Since settling on a sound with 1993's 'Bloody Kisses,' Type O Negative has often faced charges of writing the same material again and again. They most certainly fix that with 'Dead Again,' a thoroughly listenable, slightly underproduced record combining punk and Black Sabbath influences.
The thing is, there was a reason most Type O Negative tracks sounded similar. Peter Steele's dour, deep voice – especially when combined with Kenny Hickey's bassy, thick and instantly recognizable guitar tone – lent itself to slow, gothic metal. Lighthearted moments cropped up from time to time (who could forget "My Girlfriend's Girlfriend," "I Like Goils" or "Kill All the White People"?), but on 'Dead Again' the upbeat tracks are more common and less funny.
The most important question a band should ask itself is, "What can we do that no one else can?" This time around, TON asked itself, "What can we do that we've never been compelled to before?" As a result, the record achieves little beyond simple adequacy.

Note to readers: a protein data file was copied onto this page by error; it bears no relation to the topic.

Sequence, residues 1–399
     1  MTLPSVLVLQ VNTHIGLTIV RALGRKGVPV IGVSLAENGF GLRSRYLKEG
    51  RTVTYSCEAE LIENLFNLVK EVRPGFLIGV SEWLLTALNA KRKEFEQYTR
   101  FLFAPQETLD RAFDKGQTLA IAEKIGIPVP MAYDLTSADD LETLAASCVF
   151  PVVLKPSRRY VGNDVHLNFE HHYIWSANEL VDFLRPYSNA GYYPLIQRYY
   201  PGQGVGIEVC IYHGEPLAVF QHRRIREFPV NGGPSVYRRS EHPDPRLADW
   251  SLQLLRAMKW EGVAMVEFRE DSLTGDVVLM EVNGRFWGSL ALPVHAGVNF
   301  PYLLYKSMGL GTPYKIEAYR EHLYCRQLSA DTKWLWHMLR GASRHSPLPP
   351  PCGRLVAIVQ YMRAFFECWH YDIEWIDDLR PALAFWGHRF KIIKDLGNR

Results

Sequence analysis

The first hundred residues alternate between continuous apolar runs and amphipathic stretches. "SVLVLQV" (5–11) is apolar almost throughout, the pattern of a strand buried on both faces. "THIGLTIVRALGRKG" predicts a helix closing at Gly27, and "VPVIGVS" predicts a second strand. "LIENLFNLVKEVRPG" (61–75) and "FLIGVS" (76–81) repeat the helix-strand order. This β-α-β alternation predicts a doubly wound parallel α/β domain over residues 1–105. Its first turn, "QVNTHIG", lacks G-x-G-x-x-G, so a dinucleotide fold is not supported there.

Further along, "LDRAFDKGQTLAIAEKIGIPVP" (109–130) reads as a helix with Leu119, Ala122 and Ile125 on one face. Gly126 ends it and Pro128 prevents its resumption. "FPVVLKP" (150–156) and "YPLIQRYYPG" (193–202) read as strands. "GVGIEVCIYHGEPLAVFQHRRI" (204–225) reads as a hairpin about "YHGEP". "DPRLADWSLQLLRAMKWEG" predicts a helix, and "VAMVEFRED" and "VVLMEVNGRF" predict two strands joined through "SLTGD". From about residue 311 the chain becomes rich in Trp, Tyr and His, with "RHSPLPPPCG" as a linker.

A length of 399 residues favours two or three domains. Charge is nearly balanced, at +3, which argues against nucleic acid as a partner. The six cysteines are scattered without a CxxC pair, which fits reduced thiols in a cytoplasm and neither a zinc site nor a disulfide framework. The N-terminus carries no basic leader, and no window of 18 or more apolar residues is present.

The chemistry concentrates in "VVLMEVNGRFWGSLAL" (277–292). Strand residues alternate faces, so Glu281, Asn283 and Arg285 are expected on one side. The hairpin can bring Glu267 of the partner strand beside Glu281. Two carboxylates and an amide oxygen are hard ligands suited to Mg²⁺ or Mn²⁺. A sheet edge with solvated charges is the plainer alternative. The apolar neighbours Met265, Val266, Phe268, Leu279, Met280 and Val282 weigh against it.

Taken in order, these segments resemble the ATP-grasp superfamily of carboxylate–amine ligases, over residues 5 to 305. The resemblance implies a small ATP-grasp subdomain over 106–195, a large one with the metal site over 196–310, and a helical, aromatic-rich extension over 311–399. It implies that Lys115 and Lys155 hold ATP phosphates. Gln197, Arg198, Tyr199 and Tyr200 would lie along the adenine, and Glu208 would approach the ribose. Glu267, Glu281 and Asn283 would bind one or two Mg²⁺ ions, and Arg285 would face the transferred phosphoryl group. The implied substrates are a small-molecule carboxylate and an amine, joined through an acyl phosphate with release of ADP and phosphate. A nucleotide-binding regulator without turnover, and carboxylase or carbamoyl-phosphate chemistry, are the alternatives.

Take the title track; it's catchy, upbeat and heavy, but it lacks the special something of "Christian Woman," "Love You to Death" or "All Hallow's Eve." Same with "Halloween in Heaven," though the lyrics amuse.
"She Burned Me Down" adds a little doom, but the endlessly repeated bridge section wears out in a hurry. One can only hear "Every time I see her start a fire / I get higher" so many times in a row. "Some Stupid Tomorrow" shows off a strong chorus but forces disposable thrash verses on the listener. The band would have seen fit to include neither on 'World Coming Down' or 'October Rust.'
A few sparks fly, though, for sure. There's "These Three Things," the album's masterpiece, with epic guitar and vocal melodies. It touches on the abortion debate: "The child is torn from the womb unbaptised / There's no question it's infanticide." Toward the end, the guitar solo rips the "nah-nah-nah" melody from "Hey Jude." "Hail and Farewell to Britain" ranks a solid second.
The beautiful piano ballad "September Sun" succeeds despite its fake-sounding keyboards, and "Tripping a Blind Man" and "An Ode to Locksmiths" take the Black Sabbath influence about as far as it will go. Even "The Profit of Doom" has its moments.
All told, 'Dead Again' is an ambitious, 10-track, 77-minute undertaking that confidently asserts Type O Negative's versatility. If only fans liked Type O Negative for versatility in the first place.
Robert VerBruggen (http://www.therationale.com) is Assistant Book Editor at The Washington Times.